PEORIA, Ill. (AP) — Bored with retirement, Ron Rasberry got off the couch and headed to the kitchen.
Not his, but the South Side Mission’s.
“I just wanted to stop being lazy,” Rasberry, 71, says with a chuckle. “That couch was killing me.”
Hoping to improve his kitchen skills, he attended the South Side Mission’s Culinary Arts Training School. Usually, the school helps younger people learn a vocation that leads to a job. But when Rasberry finished with classes, he stuck around at the mission, where he now volunteers five days a week in the soup kitchen, the Journal Star reports.
The mission is thankful for his help. The lunch crowd is thankful for his vittles. And Rasberry is thankful for the service opportunity.
“I’m grateful for being able to give time to help this organization,” he says.
Rasberry — or Ras, as he’s known by friends — grew up in South Peoria with seven siblings. With so many mouths to feed, their mother expected occasional help in the kitchen.
“My mom raised us to learn how to cook,” he says.
In 1968, he left Manual High School to join the Navy, serving in the Mediterranean Sea until 1971. He returned to Peoria and worked the production line at Caterpillar Inc. until retiring in 2002.
Rasberry has one adult son but lives alone in South Peoria. Not long after retiring, he began attending the Church of the Living God in Northwest Peoria. A few years ago, he started preparing snacks and meals for the church’s youth program.
“I like to cook,” he says. “And I like the kids.”
But about four years ago, he heard about the mission’s culinary school. Each year, about 20 students graduate from the school’s 12-week programs. There is no tuition, though the mission interviews applicants, most of whom are 18 to 35 years old and looking to turn their lives around with a new career.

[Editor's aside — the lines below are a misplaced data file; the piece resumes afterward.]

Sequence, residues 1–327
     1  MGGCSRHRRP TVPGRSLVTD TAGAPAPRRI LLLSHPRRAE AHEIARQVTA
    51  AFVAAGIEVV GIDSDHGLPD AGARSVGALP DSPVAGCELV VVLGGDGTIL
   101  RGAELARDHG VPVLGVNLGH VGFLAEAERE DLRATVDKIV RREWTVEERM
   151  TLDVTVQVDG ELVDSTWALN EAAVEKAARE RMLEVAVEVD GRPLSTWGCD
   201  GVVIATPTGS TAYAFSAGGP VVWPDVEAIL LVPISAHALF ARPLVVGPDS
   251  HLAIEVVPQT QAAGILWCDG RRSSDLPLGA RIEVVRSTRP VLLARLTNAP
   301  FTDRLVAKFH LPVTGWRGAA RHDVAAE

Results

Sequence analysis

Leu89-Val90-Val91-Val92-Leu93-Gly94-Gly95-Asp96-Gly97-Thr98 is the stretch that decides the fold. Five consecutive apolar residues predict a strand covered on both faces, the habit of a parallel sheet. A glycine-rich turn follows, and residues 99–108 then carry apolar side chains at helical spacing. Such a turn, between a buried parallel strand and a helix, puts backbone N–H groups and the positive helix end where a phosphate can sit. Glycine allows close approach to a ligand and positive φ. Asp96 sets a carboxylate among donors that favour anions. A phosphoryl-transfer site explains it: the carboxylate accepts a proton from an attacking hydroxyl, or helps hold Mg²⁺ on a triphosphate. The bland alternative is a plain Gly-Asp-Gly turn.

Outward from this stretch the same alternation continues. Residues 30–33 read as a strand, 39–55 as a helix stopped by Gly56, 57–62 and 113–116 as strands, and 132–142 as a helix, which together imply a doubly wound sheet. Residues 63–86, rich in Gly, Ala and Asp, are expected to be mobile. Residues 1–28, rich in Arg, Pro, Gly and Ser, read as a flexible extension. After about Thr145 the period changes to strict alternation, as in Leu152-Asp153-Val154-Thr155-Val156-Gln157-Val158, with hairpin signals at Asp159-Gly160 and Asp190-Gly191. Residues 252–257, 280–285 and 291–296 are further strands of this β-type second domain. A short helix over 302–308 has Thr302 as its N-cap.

Rasberry had no desire to rejoin the workforce. But he figured classes would help him in whipping up food for his church kids. Chef Chris Franzoni, who runs the mission’s culinary program, was impressed with Rasberry’s goal — and even more impressed by his performance in class.
“Ras was good,” Franzoni says. “He came here with a purpose. He has a passion, and that’s the main thing.
“He likes to cook. And he likes to serve.”
Rasberry learned not only kitchen skills but also healthier habits. He learned to do less frying and more baking. And he developed a taste for vegetables, especially cabbage.
“I thank chef Chris for that,” he says.
After graduating, Rasberry decided to give back to the mission. Each weekday, from about 8 a.m. to 1 p.m., he pretty much runs the soup kitchen. First, he prepares the meal: One of his specialties is chicken Parmesan with mashed potatoes and green beans.
“That’s a good one,” he says.
At 11:45 a.m., lunch visitors begin to arrive. After a devotion by a mission staffer, Rasberry throws open the kitchen doors and dishes out meals to about 25 guests, most of them familiar faces.
“I enjoy the camaraderie with the people I meet here,” he says. “Those people give me inspiration to come another day and make another meal, just the way they compliment me.”
He pauses, smiles and adds, “I don’t miss that couch. It’ll be there when I get home.”